Unlike some marine areas in California that are struggling, the San Francisco Bay area has a lively and diverse boating market, from sailing and cruising to fishing, commercial and government markets. Alameda Canvas and Coverings located in Alameda, Calif., has a 2.5-month backlog in jobs, according to owner Jeff Viehmeyer. Activities such as events at nearby Lake Tahoe, last year’s America’s Cup and cruising groups bound for Mexico add to the need for custom canvas. The area is also home to Twitter™, Facebook and other tech giants that draw a clientele who want the latest and greatest on their boats.
“These are people that are receptive to new materials and are not afraid to try new things because that’s what they do all day at work. They have a real appreciation for craftsmanship because of the historical maritime community. Nothing works like saying, ‘We put it on so-and-so’s boat and they love it.’Â That stimulates the market.Â You don’t look down on the small, simple repair because you never know who you’re dealing with,” says Viehmeyer.
Across the board, his customers want good value for their money. If it’s a low-budget project, he will suggest practical solutions to extend the boat’s life. Owners of cruising boats want strong, durable products to withstand long trips. They’re willing to invest more for the Teflon® thread so they don’t have to restitch in a few years. Others are entertaining for business and want custom, high-end solutions and creative ideas.
“There’s buzz to what’s new and trendy. There’s also a counter to that, so if something’s ugly, it’s noticed and it gets a thumbs-down. Even utility has to look nice,” he says. Viehmeyer stays up on the latest materials and what works best in the climate where the boats are heading. Sunbrella®, Weathermax™, Stamoid®, Aqualon® and Rainier fabrics are staples in his shop.
More people are opting for semi-rigid windows—even the smaller boats—for their ultraclear view. “This is a high-tech product but you really have to know how it works, otherwise you can have early failure,” says Viehmeyer. He has switched to a vendor that ships the product flat because if it’s rolled up it can cause microcracking that isn’t noticeable right away.
Color and flair
New Jersey is home to Viking Yachts and other top sport fishing boat manufacturers, which allows Kennedy Custom Upholstery & Design in Ocean City to be at the forefront of what is happening in the industry. The market is waking from its long slumber since the previous peak in 2007. “Initially after the recession started, there were some great deals to be had on used boats from people who couldn’t afford to keep them anymore,” says owner Rebecca Kennedy. “Now that the used stock has been bought up, the new boats are selling again and the improved economy is helping as well, but last year was a little bit of ‘lost year’ because of Hurricane Sandy. It took everyone an entire year to get back to normal.”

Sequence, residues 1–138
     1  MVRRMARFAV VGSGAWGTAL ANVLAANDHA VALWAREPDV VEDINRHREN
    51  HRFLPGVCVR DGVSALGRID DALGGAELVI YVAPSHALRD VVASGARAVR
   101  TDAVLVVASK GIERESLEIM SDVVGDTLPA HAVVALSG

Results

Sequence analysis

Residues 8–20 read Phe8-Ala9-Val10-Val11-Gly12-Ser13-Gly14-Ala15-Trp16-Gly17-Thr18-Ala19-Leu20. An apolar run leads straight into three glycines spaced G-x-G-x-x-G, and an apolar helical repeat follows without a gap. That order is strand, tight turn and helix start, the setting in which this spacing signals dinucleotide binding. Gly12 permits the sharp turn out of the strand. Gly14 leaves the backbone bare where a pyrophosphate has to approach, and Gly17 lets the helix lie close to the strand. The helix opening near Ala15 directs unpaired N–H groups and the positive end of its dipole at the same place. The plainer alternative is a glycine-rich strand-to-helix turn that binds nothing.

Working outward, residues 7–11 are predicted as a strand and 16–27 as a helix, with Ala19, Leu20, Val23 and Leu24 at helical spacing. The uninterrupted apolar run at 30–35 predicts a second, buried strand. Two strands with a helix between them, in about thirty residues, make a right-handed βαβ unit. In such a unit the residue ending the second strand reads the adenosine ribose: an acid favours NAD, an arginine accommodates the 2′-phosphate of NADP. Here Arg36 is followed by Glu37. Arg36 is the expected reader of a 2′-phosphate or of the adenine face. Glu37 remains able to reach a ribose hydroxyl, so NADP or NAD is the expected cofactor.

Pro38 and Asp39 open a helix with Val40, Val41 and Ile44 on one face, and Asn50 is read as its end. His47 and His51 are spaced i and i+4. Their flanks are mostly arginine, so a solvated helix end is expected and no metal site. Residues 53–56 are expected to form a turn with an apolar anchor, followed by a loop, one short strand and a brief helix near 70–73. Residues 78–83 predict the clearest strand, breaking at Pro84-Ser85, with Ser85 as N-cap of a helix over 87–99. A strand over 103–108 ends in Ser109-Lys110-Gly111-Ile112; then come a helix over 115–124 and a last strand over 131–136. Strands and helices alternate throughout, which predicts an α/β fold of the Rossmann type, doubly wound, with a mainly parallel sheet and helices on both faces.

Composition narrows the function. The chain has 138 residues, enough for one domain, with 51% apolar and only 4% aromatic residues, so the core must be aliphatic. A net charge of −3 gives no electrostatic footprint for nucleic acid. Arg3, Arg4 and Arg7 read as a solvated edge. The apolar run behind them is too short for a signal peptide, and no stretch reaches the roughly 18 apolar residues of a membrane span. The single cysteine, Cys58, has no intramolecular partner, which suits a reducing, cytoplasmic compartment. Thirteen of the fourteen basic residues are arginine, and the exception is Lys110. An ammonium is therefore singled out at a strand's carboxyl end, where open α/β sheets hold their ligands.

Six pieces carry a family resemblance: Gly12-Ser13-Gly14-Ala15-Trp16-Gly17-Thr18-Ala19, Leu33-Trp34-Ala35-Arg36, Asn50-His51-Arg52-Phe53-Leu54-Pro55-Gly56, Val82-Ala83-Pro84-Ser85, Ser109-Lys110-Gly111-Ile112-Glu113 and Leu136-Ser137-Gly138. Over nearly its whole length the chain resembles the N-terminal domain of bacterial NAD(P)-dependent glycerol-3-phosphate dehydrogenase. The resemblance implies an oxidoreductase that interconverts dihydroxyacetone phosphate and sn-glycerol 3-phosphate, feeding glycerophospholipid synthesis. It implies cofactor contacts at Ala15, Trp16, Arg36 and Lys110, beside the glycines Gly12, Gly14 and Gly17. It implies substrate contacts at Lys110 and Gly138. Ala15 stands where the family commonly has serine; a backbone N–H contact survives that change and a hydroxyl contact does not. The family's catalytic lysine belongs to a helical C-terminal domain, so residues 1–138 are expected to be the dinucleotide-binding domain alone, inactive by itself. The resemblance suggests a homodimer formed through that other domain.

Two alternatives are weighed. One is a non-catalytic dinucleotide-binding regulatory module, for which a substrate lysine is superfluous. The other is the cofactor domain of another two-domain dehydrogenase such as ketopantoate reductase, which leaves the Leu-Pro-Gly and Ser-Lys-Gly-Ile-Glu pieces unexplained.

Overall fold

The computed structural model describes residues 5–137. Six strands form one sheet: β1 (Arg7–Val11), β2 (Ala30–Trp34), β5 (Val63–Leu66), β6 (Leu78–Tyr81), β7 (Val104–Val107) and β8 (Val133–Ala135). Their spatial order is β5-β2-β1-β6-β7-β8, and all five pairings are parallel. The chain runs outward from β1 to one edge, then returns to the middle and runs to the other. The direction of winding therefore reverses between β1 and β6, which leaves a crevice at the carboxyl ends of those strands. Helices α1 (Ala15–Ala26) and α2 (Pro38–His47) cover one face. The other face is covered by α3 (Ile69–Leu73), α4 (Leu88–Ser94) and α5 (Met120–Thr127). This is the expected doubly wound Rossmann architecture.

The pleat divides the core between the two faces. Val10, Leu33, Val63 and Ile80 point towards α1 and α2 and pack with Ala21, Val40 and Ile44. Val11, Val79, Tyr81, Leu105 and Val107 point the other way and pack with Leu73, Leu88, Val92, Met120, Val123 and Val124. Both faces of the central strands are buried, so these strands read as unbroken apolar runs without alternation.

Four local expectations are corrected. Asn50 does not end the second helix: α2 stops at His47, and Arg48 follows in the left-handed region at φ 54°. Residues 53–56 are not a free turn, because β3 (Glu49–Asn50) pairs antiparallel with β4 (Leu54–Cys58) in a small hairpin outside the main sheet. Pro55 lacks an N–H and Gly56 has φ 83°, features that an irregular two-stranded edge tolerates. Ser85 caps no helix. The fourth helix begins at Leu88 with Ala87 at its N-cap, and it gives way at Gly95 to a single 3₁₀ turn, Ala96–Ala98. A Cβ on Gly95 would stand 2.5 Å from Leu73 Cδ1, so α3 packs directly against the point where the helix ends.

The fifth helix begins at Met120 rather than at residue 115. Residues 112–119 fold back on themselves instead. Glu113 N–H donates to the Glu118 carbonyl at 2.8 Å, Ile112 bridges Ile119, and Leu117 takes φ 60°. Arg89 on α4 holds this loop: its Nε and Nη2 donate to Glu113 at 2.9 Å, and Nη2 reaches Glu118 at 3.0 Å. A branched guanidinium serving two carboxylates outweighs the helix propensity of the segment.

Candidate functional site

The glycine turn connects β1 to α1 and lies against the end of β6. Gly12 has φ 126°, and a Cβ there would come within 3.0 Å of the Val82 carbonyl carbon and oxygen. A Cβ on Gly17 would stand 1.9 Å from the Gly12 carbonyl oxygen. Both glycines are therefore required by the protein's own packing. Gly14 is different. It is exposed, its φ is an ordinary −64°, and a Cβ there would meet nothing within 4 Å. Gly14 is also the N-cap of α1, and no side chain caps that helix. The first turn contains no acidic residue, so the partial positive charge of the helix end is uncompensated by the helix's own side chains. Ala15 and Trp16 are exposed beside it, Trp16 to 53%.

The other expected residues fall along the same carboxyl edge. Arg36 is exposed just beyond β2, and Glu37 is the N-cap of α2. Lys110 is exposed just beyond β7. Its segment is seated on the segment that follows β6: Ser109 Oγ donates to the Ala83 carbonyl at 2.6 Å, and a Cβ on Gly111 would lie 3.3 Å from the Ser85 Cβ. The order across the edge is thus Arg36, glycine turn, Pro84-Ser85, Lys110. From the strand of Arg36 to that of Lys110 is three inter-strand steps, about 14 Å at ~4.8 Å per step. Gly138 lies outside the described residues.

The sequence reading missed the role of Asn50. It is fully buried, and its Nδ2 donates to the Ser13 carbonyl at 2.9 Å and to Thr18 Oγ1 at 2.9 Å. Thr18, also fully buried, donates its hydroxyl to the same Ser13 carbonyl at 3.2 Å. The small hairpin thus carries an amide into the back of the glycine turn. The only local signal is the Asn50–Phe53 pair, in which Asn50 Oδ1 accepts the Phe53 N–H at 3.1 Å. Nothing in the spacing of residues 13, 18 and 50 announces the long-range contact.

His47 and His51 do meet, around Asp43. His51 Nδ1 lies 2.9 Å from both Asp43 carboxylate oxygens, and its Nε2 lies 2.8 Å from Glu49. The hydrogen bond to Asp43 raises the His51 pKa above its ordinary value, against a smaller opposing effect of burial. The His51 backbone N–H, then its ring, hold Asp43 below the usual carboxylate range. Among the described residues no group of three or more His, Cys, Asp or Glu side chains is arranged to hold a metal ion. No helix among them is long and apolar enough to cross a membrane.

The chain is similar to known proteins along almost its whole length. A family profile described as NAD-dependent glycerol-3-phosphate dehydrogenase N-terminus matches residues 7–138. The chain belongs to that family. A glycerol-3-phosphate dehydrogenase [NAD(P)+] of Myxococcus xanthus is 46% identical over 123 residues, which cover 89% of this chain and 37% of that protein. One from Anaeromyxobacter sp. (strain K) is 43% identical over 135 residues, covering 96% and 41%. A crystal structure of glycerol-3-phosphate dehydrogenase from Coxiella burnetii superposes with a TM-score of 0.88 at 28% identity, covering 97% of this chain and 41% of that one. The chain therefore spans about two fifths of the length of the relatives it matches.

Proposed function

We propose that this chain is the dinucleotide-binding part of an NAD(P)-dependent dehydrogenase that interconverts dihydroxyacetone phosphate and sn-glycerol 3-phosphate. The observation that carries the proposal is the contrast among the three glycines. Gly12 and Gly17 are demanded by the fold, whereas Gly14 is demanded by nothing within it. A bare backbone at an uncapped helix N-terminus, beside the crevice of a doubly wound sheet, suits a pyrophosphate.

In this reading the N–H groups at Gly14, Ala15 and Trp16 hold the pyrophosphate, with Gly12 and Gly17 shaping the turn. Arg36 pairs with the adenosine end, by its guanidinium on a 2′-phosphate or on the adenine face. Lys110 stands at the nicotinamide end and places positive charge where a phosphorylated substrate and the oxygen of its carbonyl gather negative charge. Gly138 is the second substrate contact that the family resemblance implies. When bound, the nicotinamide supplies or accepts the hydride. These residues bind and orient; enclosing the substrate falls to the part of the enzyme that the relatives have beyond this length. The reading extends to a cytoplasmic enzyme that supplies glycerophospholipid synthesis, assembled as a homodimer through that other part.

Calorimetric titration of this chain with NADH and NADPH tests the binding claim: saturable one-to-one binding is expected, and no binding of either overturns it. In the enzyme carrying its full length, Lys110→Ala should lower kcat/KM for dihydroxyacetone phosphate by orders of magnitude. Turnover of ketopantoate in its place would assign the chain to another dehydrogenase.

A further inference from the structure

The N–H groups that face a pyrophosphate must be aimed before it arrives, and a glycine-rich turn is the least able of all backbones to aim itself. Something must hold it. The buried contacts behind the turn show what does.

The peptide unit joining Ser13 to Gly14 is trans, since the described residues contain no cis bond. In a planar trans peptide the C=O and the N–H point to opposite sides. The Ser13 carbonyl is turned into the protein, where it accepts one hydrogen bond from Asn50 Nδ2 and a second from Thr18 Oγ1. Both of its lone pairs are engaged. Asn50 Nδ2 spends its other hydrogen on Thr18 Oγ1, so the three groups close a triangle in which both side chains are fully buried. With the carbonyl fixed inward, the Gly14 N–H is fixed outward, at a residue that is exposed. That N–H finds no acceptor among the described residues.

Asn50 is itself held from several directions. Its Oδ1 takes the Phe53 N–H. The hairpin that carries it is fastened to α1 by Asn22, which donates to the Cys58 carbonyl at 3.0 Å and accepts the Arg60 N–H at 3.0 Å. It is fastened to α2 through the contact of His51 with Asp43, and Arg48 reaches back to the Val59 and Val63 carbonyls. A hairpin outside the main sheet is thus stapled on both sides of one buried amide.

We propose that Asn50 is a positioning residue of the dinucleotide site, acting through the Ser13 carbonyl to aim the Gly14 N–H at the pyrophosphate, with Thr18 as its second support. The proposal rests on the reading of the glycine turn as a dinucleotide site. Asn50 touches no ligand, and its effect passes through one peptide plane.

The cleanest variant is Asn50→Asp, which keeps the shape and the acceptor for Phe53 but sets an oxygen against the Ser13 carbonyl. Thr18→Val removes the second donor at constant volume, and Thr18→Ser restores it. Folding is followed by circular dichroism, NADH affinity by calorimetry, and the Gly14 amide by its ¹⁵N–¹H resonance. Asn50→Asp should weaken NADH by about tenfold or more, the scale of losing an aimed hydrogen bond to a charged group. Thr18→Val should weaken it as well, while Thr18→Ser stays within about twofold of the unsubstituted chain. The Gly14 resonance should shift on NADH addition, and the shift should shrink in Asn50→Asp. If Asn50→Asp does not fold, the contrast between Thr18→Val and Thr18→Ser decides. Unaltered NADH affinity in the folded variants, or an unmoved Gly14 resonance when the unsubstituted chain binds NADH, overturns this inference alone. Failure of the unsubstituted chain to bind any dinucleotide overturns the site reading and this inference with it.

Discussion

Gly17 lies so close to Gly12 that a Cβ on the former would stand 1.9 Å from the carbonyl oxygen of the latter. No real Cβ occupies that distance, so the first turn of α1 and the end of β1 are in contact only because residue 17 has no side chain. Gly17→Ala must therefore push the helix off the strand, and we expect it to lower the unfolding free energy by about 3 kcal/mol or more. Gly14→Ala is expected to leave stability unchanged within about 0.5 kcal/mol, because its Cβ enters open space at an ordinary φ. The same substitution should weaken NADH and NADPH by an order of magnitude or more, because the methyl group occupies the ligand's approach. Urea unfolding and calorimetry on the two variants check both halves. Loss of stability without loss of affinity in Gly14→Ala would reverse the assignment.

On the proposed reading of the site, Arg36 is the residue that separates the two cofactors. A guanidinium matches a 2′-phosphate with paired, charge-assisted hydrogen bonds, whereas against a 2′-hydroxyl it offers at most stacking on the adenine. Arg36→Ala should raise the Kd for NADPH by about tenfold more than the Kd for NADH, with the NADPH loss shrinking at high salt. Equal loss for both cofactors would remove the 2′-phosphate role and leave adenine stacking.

The shop serves a customer base of second-home owners who fish, coming mostly from the Philadelphia area. They have a small window of about eight weeks to use their boats, so time is precious.
Kennedy also has a growing niche market of new cushion packages for center-console fishing boats like Regulators and Jupiters. “Since these boats are expensive, yet rugged and open to the elements, they seem to hit at a nice intersection of need for our product, due to harsh wear and the type of customer that can afford custom work,” she says. “In sport fishing yachts the trend is to have a neutral interior so that all the custom woodwork doesn’t compete with the fabrics. We’re seeing a lot of cool leatherlike vinyls for the dinettes and salon sofas. I’m also seeing more high-end fabrics from Kravet® and Robert Allen throughout yacht interiors.”Â
Color trends have changed for Signature CanvasMakers LLC in Hampton, Va., according to owners Charlene and Chandler Clark. “For years, our most popular colors for exteriors have been the darker blues, black, dark greens and neutral tones,” says Charlene. “This year, we have seen a big shift to the brighter shades of blue and lighter greens. Same with interiors, where traditionally our customers have tended toward more neutral tones; the majority of our orders have been for bright and vibrant fabrics. Perhaps the long, cold winter has had an effect on people!”
The last three or four years have been the best years for Hood Marine Canvas Co. in Merrimac, Mass. Owner Mark Hood attributes it to staying focused on the higher-end market: 22-foot and larger boats—that and jobs that come through his brother, a boat builder and owner of CW Hood Yachts, keep him busy.
“We’re in a protective ‘igloo’ where there’s a lot more demand and there are not as many fabricators in total volume as other areas of the country,” he says. “When people aren’t buying new boats they’re putting money
into fixing up their old boats. That’s part of the reason
we’re so busy.”